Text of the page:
In the first six months of 2010, the catch fell by 50.4 percent in the most important fishery area for this species, Inter Press Service reported Friday. Exports of squid, Argentina's second-largest fisheries export after hake, fell 68 percent by volume compared for the same period of 2007, driving prices up.
A number of factors may be affecting the short-lived species that is highly sensitive to changes in its habitat, environmentalists and scientists say.
"Squid is a resource that changes rapidly, and is subject to strong natural fluctuations that could be happening more frequently because of climate change," Guillermo Canete, marine program coordinator for the Argentine Wildlife Foundation, said.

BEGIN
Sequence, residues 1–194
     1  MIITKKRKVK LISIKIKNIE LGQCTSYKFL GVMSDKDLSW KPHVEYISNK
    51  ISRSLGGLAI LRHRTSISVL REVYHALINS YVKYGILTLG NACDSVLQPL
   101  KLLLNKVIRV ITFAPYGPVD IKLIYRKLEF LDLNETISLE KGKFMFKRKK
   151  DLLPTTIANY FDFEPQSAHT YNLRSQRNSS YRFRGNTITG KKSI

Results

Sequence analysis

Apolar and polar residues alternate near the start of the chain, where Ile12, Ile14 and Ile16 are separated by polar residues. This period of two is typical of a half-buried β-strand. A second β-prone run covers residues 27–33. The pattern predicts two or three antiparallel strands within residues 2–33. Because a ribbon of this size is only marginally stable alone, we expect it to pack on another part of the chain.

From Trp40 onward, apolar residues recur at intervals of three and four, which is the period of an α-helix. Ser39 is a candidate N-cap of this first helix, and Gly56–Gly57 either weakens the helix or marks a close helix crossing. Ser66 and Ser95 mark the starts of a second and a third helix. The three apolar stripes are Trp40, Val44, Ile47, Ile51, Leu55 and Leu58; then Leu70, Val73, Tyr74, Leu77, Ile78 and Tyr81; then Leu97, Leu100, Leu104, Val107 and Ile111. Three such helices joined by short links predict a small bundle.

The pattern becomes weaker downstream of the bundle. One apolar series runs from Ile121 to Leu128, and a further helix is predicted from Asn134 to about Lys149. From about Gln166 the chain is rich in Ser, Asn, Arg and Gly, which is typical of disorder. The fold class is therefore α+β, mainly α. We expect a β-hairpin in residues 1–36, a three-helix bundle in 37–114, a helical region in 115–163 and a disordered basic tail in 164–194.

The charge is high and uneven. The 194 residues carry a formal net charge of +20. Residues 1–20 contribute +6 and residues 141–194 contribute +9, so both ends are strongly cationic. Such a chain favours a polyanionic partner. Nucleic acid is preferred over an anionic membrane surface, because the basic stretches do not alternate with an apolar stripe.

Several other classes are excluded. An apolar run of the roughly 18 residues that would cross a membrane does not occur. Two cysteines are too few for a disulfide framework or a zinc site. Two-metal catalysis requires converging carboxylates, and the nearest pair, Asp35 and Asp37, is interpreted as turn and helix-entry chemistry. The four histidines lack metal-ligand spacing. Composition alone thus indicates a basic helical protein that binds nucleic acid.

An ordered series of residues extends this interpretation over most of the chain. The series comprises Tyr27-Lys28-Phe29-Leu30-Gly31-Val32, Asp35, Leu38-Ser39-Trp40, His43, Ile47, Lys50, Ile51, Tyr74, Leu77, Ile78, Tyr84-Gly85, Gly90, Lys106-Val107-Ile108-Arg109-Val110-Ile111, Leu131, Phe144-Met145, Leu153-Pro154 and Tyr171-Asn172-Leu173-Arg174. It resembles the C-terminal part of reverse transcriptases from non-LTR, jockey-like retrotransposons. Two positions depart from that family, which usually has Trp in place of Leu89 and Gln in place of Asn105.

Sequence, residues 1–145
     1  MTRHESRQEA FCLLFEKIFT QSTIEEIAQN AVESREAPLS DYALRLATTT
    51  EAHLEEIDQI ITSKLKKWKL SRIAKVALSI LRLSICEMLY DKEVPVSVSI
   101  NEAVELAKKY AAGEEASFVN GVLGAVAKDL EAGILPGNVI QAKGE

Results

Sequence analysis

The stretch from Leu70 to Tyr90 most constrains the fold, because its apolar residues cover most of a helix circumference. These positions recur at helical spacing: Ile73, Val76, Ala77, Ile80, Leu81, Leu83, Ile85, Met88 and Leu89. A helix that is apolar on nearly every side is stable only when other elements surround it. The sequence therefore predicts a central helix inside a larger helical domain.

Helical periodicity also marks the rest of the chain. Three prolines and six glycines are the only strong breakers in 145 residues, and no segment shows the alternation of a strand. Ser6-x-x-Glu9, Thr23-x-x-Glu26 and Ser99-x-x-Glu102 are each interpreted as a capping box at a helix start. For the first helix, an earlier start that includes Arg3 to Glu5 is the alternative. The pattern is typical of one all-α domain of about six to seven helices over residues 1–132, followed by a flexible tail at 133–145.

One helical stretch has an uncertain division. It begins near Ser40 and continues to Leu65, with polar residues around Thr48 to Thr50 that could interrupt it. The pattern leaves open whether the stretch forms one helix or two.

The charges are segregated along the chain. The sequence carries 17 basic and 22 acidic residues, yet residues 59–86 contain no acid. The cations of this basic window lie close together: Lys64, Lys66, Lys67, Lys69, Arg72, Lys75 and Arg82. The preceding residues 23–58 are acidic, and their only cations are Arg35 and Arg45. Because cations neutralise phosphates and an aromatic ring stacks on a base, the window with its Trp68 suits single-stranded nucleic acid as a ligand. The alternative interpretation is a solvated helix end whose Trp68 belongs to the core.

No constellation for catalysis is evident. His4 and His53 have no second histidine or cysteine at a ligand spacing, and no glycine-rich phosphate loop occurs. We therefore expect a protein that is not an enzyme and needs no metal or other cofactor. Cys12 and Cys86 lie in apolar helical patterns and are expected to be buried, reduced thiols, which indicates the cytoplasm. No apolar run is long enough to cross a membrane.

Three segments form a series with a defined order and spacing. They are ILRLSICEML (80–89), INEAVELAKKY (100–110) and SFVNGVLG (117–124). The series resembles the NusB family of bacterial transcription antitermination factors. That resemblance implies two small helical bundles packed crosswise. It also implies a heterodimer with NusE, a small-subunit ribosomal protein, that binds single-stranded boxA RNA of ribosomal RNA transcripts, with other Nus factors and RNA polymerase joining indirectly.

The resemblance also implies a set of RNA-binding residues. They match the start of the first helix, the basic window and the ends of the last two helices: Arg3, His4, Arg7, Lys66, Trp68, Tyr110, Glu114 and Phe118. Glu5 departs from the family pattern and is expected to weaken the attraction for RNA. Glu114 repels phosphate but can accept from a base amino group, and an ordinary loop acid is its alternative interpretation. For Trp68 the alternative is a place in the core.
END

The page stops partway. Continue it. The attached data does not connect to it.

Guillermo Jacob, head of the Bahia Grande fishing company, said this year his company fished half the amount it had caught in 2009, which in turn was only half as much as the 2008 catch.
Jacob blames the meager recent catches on natural changes that have led squid to search for cooler or deeper currents.
"Our fishing methods are sustainable and there is no great pressure on squid as a resource," he said.
"There are big differences in the catch from one year to another because the environmental conditions vary a lot."
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